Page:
On Thursday, April 29, 2016, as required by the Washington State Environmental Policy Act (SEPA), the Washington Department of Ecology and Cowlitz County, Washington released a draft environmental impact statement (EIS) on the huge Millennium Bulk Terminals coal export terminal proposed for Longview, Washington [1, 2]. Along with the U.S. Army Corps of Engineers, which is preparing a separate federal draft EIS, the agencies are studying the potential environmental and social impacts and evaluating the risks of this project . They will review and consider all concerned citizen input after the 45-day comment period ends on June 13, while performing further analyses for the final EIS. Once this document emerges, terminal owners would begin application processes for local, state, and federal permits.
Millennium proponent Lighthouse Resources (formerly Ambre Energy) owns 62 percent of the project; 38 percent owner Arch Coal has filed for bankruptcy. Their potentially largest such facility in North America, built and operated on the site of the former Reynolds Aluminum smelter, could annually transfer and stockpile 44 million metric tons of Powder River Basin coal, strip-mined in Montana and Wyoming, between unit coal trains and ships bound for Asia. Besides eight empty, returning trains daily, the terminal would impose on trackside communities eight fully loaded, additional coal trains per day.
This last remaining Northwest coal export project of an original six proposals should concern Idahoans, who live among relatively clean air and water, abundant wildlife, and scenic beauty, just as much as Washington citizens . Coal transport through Sandpoint and surrounding north Idaho communities, 400-plus miles away, directly pollutes, threatens, and impacts regional public and environmental health and safety and economic vitality, all for private profit. Each coal train engine spews carcinogenic diesel fumes, and its 110 open rail cars together shed 55,000 pounds of coal dust from mine to port, laden with arsenic, lead, mercury, nickel, tin, and other heavy metals. Health experts link exposure to diesel exhaust and coal dust with decreased lung capacity and exacerbated asthma, bronchitis, emphysema, pneumonia, lung cancer, and heart disease. Increased, slow-moving coal traffic can also obstruct and delay vehicles at rail crossings, extend the travel times of emergency responders, and block access to hospitals, schools, businesses, and neighborhoods. Heavy coal trains damage rails with their pressure and clog the pores of gravel under tracks, reducing wet ballast permeability and stability and thus risking derailment of other hazardous and explosive freight.
Why support the significantly faltering coal industry and world markets [5, 6]? In recent months, owners of a dozen of the most productive coal mines in the Powder River Basin and country, Peabody, Arch, and Alpha Natural Resources, have filed for bankruptcy . With the downturn in Wyoming coal, oil, and gas production, 2,400 dirty energy sector employees have lost jobs since January 1, most from the two largest coal companies . Burlington Northern Santa Fe Railway has furloughed 4,600 workers nationwide over the last several months, and Union Pacific Railroad has laid off 4,100 employees. After 30-plus years of endlessly fighting coal projects, tribal and Montana activists have stopped the Otter Creek coal mine in the Powder River Basin, and the federal Surface Transportation Board has dismissed the permit for the Tongue River Railroad . Agencies temporarily suspended EIS preparation for the Gateway Pacific Terminal at Cherry Point near Bellingham, before the Lummi Nation and supportive Northwest tribes convinced the U.S. Army Corps of Engineers to reject permits for the once biggest proposed coal port in North America, in defense of their Constitutionally-protected treaty rights to fishing grounds and practices . And these developments represent only the most salient of recent, historic Northwest victories over extreme energy projects.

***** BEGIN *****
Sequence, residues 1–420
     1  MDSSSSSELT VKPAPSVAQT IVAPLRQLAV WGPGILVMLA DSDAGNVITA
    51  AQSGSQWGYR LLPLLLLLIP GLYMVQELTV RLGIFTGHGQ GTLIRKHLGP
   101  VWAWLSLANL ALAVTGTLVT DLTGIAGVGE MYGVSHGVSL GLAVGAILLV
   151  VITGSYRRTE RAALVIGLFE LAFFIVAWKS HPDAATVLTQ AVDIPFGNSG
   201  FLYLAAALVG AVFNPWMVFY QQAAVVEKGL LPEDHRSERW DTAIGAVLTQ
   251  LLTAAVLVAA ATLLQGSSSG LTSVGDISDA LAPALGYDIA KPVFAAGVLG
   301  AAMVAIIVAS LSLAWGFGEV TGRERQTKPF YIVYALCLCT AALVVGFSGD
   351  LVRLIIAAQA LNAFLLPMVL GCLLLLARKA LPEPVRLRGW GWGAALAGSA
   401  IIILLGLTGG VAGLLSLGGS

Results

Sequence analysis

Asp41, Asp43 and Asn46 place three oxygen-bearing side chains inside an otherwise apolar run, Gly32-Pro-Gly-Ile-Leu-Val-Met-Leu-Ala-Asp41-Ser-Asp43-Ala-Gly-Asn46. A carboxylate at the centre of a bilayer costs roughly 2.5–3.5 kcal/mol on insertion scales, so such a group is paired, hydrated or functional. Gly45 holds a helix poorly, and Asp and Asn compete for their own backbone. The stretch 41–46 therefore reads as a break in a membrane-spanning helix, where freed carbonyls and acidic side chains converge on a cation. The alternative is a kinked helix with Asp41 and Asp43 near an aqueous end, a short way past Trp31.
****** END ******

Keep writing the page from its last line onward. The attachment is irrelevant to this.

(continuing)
But the Washington Department of Ecology has announced three informational open houses and public hearings on the proposed Longview coal terminal draft EIS in three cities across the state. Various organizers with the Power Past Coal and Stand Up To Oil coalitions are hosting 4 pm rallies at each location, before oral testimony restarts after 5 pm agency presentations (also at 1 pm). Please read the draft EIS on the Department of Ecology’s website, wear red, and come prepared to speak for only two minutes and/or provide comments to a court reporter and/or in written form during the meeting.
* Tuesday, May 24, 1 to 9 pm at the Cowlitz Regional Conference Center, 1900 Seventh Avenue in Longview, Washington 
* Thursday, May 26, 1 to 9 pm at the Spokane Convention Center, 334 West Spokane Falls Boulevard in Spokane, Washington 
* Thursday, June 2, 1 to 9 pm at the TRAC Center, 6600 Burden Boulevard in Pasco, Washington  Continue reading